July 19, 2020 at 4:39 pm #362105
I wrote this on a different thread because it doesn’t only regard my relationships anymore. I feel alone, my anxiety has reduced me to doing nothing all day, and when I’m not anxious then the depression sets in. I have no close friends, my closest friend lives hundreds of miles away from me, my boyfriend and I are no longer on speaking terms as he tells me this is my problem to fix and I’m the only one who can fix it for myself. He says he’ll be here waiting when I’m better over and over, but at this point I think I might have ruined it to the point of no return. I sit in my room at my parents house all day, I go to work, and that’s it. I’m constantly tired, I can’t focus on anything, I know my coworkers notice it at this point. I’m not myself, but at this point I don’t know who myself is anymore, I can’t remember what it feels like to feel normal. I can’t bring myself to make new friends or make plans with old ones, in fear of my anxiety or panic popping up. It’s like a never ending cycle, I feel like a monster, I’m the only one who can fix myself, yet I don’t know how anymore. I’ve hurt the closest person to me to the point where I don’t know if I can mend it. I’m a complete mess, and there is no end in sight. My days are either filled with dread and anxiety or depression and loneliness. I don’t know what I’m doing. I don’t know who I am, I’ve lost sight, I’ve lost motivation, I feel like I’ve lost everything. It’s all because of me. Nothing feels okay or real anymore, I’ve ruined my life, just like always. I’m going to therapy and soon will see a psychiatrist but those are the only things I have to look forward to at this point. At this point in my life, I can’t see any point to it all, I don’t even know what having fun is anymore. I seem to destroy everything that matters to me. How do I work on myself and not constantly worry that the person I love is growing apart from me or finding someone else without these issues.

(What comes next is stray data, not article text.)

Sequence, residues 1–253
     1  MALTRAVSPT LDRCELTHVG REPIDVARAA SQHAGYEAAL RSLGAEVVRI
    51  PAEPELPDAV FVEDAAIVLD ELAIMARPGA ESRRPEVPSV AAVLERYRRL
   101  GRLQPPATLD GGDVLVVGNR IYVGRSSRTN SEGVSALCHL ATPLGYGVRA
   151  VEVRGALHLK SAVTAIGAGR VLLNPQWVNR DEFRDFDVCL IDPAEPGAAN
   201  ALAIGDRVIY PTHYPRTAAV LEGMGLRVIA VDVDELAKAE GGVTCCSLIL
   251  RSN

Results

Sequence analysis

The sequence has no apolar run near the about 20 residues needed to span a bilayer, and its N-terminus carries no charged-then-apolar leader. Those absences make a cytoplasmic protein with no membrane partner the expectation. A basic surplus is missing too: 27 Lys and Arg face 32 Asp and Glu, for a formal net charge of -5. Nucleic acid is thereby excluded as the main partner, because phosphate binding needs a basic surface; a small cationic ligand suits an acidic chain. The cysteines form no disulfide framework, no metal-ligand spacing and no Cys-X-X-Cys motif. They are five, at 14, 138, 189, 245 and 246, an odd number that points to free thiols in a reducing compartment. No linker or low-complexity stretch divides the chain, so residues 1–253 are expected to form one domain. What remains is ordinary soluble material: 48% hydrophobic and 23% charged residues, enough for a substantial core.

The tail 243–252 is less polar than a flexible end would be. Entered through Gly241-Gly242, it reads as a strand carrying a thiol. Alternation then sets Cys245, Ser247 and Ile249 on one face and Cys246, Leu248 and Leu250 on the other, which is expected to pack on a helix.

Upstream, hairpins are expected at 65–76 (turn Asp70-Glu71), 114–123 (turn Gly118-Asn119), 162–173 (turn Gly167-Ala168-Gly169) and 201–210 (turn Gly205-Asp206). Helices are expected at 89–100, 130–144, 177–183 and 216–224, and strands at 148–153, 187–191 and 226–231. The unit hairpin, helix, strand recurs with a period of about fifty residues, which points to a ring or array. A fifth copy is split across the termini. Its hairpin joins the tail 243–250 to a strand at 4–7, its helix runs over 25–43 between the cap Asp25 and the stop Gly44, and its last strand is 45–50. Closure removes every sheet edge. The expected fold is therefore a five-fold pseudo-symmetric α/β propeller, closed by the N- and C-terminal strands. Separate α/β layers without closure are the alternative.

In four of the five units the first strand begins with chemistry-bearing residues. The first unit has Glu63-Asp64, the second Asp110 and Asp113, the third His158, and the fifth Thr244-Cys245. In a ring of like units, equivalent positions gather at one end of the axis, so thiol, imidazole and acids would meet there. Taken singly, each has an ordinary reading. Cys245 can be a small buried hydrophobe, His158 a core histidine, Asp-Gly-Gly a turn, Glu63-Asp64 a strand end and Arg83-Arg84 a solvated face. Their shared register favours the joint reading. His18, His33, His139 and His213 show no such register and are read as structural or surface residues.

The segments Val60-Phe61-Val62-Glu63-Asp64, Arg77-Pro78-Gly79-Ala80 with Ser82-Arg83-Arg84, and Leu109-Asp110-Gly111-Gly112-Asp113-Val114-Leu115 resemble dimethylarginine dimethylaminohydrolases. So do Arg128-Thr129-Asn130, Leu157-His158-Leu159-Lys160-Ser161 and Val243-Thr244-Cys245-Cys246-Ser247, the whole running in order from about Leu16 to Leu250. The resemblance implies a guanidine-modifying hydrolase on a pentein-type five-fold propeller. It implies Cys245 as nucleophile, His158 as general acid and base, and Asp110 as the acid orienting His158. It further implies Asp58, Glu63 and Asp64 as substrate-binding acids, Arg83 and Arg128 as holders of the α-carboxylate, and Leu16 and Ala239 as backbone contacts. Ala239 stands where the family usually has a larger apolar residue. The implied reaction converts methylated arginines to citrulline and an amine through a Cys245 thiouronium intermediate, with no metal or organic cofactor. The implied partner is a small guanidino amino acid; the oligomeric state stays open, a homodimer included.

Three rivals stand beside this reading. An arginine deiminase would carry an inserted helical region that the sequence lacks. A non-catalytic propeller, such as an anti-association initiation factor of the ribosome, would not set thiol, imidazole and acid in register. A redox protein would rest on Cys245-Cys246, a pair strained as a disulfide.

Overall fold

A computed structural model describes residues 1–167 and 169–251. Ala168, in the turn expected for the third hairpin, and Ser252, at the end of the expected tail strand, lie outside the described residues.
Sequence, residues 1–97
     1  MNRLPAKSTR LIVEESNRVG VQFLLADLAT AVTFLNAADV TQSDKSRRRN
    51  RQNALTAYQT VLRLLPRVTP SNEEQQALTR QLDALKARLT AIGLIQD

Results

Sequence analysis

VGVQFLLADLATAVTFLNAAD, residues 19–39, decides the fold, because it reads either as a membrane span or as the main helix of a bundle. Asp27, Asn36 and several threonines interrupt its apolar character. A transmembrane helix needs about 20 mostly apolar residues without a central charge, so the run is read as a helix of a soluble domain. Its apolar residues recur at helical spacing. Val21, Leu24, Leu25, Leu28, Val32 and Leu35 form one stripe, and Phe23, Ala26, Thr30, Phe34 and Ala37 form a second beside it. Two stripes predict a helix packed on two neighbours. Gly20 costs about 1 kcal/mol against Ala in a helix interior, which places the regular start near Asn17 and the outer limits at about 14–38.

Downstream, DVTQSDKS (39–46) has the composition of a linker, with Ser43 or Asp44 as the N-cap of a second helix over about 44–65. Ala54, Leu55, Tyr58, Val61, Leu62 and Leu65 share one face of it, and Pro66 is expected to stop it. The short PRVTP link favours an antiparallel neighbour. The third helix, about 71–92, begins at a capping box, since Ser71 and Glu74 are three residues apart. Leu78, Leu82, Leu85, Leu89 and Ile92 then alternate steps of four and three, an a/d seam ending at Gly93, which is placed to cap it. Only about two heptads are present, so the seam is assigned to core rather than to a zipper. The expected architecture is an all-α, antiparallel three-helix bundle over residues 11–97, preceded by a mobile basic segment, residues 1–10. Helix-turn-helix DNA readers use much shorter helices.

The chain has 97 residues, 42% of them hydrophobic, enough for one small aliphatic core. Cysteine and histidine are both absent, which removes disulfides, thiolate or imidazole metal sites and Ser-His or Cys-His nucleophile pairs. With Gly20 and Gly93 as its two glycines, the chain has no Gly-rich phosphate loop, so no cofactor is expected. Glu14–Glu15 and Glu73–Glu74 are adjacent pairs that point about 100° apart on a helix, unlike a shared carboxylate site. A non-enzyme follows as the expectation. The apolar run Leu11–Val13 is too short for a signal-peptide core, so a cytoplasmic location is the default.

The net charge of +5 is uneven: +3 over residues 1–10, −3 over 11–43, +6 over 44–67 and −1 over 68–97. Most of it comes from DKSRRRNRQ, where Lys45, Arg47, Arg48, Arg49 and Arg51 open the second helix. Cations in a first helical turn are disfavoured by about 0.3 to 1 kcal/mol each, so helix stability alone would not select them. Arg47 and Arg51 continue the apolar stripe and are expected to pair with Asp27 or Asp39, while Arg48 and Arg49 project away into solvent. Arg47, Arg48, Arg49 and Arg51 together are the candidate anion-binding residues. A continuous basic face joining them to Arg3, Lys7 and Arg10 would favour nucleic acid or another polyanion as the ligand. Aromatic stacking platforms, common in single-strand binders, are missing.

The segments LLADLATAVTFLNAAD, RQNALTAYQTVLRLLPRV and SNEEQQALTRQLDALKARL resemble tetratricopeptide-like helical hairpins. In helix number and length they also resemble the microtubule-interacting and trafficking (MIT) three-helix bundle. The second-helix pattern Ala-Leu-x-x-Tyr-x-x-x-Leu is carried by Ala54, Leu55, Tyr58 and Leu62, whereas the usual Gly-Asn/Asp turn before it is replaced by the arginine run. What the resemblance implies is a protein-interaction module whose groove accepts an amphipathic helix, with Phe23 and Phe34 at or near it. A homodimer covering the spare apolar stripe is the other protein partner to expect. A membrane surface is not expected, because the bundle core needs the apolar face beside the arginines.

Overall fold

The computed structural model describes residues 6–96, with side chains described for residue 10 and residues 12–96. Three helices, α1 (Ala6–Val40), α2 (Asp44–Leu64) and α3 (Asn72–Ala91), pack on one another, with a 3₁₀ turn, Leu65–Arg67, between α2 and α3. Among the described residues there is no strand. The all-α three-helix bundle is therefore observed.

I’m lost. Any responses help, I’m just looking for a little help, a little hope, a little anything. Thanks for reading.July 19, 2020 at 4:53 pm #362107
“I’m just looking for a little help, a little hope, a little anything”- when I was your age, I was very anxious and very depressed. I too felt very alone, and I was very alone. I was tired a lot, lay down in bed a lot, did nothing all day.. felt lost. I also felt very guilty. Fast forward, I feel a whole lot better today, because I took on what I call my healing process, or healing journey.
Tell me about your relationships with your parents, how it was before, when you were a young child, and how it is now?
anitaJuly 19, 2020 at 5:06 pm #362111
Currently my relationship with my parents is much better than it was in the past, I can confide in my mom about almost anything which I am grateful for, though I don’t feel the same for my dad. I love him, but I don’t feel like I could come to him for these things because of reasons honestly unknown to me. I don’t remember much of my childhood, I know that my parents fought a lot, but I don’t really remember any distinct memories from those events. I was never abused or experiencing any direct trauma as far as I know. I was always in trouble for various random reasons almost all the time when I was younger, and I believe it because of this I felt I could not confide in anyone. I do not remember confiding in my mom much until about the point of 18.July 19, 2020 at 5:21 pm #362112
“I know that my parents fought a lot.. I was never abused or experienced any direct trauma”- witnessing your parents fighting a lot is traumatic, for a child. I know because I have that experience. Do you remember the fights, what you saw, what you heard, what you felt?
“I was always in trouble for various random reasons almost all the time when I was younger”- can you tell me more about that?
If you choose to answer my questions, take your time answering. I will be away from the computer and back in about 13 hours. I will read, re-read and reply to you further when I am back.
anitaJuly 19, 2020 at 7:00 pm #362120
I don’t remember any direct details from any of my parents fights except very vague memories. I remember a time, not even sure what age I was at, standing at my parents door listening to them scream at each other, I remember crying, feeling as if it was my fault, because a lot of the fights I believe involved their ways of parenting me. I don’t remember exactly what I felt, as I can’t think back to my feelings much before the age of around 14-15. I remember my mom talking to me about their fights even from a young age, about how horrible and mean and angry my dad was, even though me myself didn’t directly experience his anger as far as I know or can recall.